Economist Rajiv Sethi has a great blog. In this post, Sethi, and Thoma, whom he quotes, seem to acknowledge that the financial crisis should lead them to consider new ideas for economic models. Later on in the post, Sethi points out that behavioral economics has mined psychology for insights, but that economists would do well to look beyond the level of the individual:
If one is to look beyond economics for metaphors and models, why stop at psychology? For financial market behavior, a more appropriate discipline might be evolutionary ecology. This is not a new idea. Consider, for instance, this recent article in Nature. Or take a look at the chapter on “The Ecology of Markets” in Victor Niederhoffer’s extraordinary memoir. Or study Hyman Minsky’s financial instability hypothesis (discussed at some length in an earlier post), which depends explicitly on the assumption that aggressive financial practices are rapidly replicated during periods of stable growth, eventually becoming so widespread that systemic stability is put at risk. To my mind this reflects an ecological rather than psychological understanding of financial market behavior.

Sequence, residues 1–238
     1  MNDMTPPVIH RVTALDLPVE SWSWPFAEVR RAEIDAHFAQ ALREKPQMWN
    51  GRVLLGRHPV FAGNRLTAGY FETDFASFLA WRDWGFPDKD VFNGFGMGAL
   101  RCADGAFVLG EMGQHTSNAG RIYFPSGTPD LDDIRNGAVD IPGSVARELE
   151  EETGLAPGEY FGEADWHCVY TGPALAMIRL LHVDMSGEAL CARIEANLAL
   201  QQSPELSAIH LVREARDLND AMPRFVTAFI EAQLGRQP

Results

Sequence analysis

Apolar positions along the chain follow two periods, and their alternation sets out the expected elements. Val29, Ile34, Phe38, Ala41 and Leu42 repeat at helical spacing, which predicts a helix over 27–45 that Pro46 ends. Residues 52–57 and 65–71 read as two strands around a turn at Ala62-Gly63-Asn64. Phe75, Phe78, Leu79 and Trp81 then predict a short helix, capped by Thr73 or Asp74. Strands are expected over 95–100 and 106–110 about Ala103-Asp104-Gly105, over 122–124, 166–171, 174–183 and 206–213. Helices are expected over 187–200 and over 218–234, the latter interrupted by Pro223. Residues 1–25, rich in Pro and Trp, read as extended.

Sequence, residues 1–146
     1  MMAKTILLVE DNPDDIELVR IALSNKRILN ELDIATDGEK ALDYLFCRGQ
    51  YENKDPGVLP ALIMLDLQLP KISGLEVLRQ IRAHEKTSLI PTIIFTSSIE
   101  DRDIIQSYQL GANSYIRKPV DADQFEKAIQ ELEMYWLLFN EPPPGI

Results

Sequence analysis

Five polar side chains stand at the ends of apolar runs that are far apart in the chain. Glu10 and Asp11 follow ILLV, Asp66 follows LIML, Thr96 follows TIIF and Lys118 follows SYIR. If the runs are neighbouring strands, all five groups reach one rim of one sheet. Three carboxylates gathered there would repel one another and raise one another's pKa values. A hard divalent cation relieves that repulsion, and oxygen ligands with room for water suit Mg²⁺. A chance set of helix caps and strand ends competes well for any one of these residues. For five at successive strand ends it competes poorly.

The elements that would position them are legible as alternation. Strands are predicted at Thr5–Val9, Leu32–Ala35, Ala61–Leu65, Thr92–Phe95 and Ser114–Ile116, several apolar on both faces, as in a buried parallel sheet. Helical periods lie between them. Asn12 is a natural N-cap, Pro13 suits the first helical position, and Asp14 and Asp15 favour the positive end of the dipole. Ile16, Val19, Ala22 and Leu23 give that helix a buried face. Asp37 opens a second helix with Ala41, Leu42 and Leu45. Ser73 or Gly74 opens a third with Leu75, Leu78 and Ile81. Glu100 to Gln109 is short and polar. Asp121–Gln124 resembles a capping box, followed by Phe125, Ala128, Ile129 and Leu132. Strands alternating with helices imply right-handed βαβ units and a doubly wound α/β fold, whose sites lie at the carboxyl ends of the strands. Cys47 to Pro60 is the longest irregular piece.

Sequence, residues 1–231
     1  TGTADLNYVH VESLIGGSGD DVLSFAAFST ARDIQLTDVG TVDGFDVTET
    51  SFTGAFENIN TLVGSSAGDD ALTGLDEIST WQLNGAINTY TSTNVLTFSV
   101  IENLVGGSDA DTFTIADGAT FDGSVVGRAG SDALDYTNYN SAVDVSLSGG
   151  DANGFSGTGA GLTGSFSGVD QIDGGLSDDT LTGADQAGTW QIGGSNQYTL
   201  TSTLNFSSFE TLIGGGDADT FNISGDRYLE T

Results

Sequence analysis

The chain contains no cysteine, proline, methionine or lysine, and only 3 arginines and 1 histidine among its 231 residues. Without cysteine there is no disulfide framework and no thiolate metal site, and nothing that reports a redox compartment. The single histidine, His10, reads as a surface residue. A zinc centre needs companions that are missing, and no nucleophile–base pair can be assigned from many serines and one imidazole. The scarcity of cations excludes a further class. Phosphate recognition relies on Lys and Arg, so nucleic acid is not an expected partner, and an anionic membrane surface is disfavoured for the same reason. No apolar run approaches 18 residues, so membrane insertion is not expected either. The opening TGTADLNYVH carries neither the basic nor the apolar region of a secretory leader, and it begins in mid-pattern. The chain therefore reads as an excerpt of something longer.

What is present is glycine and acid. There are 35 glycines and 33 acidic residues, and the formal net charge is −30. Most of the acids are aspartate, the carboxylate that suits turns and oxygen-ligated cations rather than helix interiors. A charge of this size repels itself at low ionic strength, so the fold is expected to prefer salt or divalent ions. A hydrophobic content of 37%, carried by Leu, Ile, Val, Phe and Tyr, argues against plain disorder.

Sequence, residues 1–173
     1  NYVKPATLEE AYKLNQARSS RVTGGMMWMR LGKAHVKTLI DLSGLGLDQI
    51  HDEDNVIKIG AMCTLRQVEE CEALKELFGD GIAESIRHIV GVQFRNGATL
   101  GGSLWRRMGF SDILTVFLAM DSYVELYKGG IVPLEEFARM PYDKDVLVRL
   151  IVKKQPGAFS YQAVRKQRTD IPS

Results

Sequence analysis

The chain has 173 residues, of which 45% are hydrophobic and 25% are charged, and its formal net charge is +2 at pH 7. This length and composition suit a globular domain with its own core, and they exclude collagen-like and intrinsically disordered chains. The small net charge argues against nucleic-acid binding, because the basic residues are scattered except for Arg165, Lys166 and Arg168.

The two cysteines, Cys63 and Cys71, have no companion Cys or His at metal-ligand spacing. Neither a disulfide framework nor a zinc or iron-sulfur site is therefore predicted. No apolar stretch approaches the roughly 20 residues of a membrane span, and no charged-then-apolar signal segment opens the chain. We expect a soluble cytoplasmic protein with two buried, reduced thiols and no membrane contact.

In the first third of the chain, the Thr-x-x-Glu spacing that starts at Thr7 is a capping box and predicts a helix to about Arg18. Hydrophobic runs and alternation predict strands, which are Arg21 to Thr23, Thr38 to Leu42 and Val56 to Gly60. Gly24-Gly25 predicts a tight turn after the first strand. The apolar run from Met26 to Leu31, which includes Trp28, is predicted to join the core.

Reading people like Sethi, I’m confident economics will come around. Sociologists have never overemphasized rational actors, but we too can learn from approaches in other disciplines like ecology.
Another good reference on this is Rick Bookstabers’ “On the Optimality of Coarse Behavior Rules.” He looks at ecological systems where a species is finely tuned to exploit their current environment, which eventually leads to their downfall when the environment changes. He contrasts this to non-optimized species that can thrive across state changes.